On Monday, a Starbucks executive with the baffling title “Director, Espresso and Brewed Coffee Americas,” wrote a blog post with the headline, “Big News for the Beloved Pumpkin Spice Latte.” The big news is that when the Pumpkin Spice Latte returns to Starbucks outlets for a limited time this fall, it will be made with a different recipe. Now, for the first time, the Pumpkin Spice Latte will contain actual pumpkin.
This is a terrible idea for two reasons.
The first is that, in making this change, Starbucks is capitulating to a fear-mongering food blogger whom we’d all be better off ignoring. Public awareness that Pumpkin Spice Lattes contain no actual pumpkin has been percolating for years—see, for instance, this 2012 essay by Felix Salmon, which acknowledges “that pumpkin dishes don’t even need any actual pumpkin in them in order to cash in on the warming, autumnal vibe,” or this 2013 video by the New York Times’ flavor expert Michael Moss, which blows open “the industry’s biggest secret: there often is little or no actual pumpkin” in pumpkin-flavored foods and drinks. For a while, this was just a fun factoid about the dystopian, consumerist, David Foster Wallace-esque world we inhabit, but no one really cared that there was no pumpkin in the PSL. After all, no one orders a sweetened latte under the belief that they’re getting a nourishing serving of vegetables.
Then, last year, Vani Hari, a wildly popular blogger known as the Food Babe who gained a following by stoking irrational fears about GMOs and “toxins” in foods, wrote a blog post about all the ostensible dangers of drinking PSLs, dangers like “preservatives and sulfites” and non-organic milk. One ingredient singled out by the Food Babe may actually be hazardous—caramel coloring is definitely carcinogenic in mice, which makes some scientists think it’s carcinogenic in humans, too. (Starbucks announced this week that they’re cutting caramel coloring from the PSL, too.) But most of the Food Babe’s outrage was misplaced, and her shock that there’s “no real pumpkin” in a PSL would be cute if it weren’t accompanied by so much nonsense about imaginary risks.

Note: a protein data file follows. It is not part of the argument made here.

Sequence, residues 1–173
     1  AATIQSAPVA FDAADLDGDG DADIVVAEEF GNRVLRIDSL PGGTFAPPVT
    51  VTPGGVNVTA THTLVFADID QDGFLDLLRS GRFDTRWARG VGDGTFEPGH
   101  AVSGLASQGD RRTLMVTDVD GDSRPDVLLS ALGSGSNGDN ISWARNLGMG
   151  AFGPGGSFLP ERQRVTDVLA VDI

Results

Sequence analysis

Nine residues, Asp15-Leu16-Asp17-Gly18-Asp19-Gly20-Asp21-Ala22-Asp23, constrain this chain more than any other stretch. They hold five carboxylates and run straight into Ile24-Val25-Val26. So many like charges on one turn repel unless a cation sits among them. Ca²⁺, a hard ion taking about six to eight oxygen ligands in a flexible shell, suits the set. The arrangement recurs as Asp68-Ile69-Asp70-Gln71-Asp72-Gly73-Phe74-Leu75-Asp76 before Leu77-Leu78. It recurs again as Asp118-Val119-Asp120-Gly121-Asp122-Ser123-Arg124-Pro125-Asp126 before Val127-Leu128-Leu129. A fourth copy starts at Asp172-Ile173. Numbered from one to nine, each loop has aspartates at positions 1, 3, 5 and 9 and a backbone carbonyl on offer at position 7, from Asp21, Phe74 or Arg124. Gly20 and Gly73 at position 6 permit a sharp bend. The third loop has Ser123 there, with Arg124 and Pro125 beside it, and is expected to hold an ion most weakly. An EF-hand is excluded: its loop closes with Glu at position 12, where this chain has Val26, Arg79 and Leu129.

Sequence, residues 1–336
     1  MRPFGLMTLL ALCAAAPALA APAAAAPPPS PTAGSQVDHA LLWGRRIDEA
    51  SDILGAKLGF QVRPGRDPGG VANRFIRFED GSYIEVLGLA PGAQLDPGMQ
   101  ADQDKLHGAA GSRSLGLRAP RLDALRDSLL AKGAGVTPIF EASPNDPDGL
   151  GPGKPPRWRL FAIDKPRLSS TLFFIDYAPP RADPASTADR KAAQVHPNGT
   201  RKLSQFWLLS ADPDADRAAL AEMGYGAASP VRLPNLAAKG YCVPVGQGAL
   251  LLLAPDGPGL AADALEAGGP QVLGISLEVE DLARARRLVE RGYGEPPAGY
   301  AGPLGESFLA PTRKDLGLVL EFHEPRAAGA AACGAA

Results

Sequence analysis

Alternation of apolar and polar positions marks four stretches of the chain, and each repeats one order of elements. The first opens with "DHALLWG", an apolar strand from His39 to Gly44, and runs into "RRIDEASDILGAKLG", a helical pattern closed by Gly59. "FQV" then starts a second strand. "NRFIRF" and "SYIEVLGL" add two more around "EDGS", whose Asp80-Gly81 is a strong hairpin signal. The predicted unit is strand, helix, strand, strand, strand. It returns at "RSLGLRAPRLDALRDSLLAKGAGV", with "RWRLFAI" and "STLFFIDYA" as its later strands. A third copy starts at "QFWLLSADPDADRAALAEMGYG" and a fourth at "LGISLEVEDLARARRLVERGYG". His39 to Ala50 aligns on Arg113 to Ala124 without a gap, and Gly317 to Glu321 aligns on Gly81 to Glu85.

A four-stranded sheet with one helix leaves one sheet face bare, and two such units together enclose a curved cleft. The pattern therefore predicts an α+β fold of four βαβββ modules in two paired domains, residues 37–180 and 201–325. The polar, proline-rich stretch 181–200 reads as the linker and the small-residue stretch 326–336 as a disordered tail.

So it’s disappointing that Starbucks is adding pumpkin to its PSL to appease an influential but misguided kook. But that’s not the only reason adding pumpkin to the PSL is a bad idea. It’s a bad idea because pumpkin—and here I’m talking about pumpkin, the unadulterated gourd flesh—doesn’t taste good.
As Salmon wrote in 2012, “Pumpkin, on its own, is not a very appetizing food at all.” He called it “dense and stringy”; I’d add earthy, vegetal, and sometimes bitter. The only reason pumpkin pie tastes delicious is that it has lots of dairy, sugar, and spices in it—the pumpkin is only there for texture, color, and bragging rights. The PSL already has dairy, sugar, and spices in it—and that’s why it’s so popular! It’s all the flavor of pumpkin pie with none of the bulk. Adding something potentially distasteful to a beloved concoction is only asking for trouble. And if Starbucks has added such a tiny amount of pumpkin puree to its recipe that it doesn’t affect the flavor at all, well, that’s silly.
I’m not a huge PSL fan myself, but I know that the PSL craze is real. And I know that fans often don’t respond kindly to unanticipated changes in beloved products. (See: New Coke, Gmail’s tabs, Felicity’s haircut.) If Starbucks can pull off this recipe change without alienating the millions of Americans who liked the PSL just fine the way it was, well, more power to Starbucks. But if the addition of real pumpkin just makes the latte smell and taste funky, then, Starbucks, it’s OK to change your mind back. After all, regardless of whether there’s actual pumpkin in it, the spirit of pumpkin has been inside the PSL all along.